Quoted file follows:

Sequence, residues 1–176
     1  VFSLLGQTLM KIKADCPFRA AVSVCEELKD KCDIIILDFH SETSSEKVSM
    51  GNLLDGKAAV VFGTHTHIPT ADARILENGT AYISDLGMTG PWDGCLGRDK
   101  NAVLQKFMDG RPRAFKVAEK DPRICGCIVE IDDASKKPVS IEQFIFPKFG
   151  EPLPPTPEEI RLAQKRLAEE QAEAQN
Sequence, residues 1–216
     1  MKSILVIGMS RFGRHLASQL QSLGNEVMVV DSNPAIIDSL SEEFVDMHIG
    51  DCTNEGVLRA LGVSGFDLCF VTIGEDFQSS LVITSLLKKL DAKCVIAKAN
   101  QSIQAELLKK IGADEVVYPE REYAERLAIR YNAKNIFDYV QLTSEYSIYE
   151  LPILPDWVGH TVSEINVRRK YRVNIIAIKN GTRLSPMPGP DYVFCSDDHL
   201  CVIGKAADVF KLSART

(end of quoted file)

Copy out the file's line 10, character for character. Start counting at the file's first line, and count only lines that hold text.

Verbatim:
   151  LPILPDWVGH TVSEINVRRK YRVNIIAIKN GTRLSPMPGP DYVFCSDDHL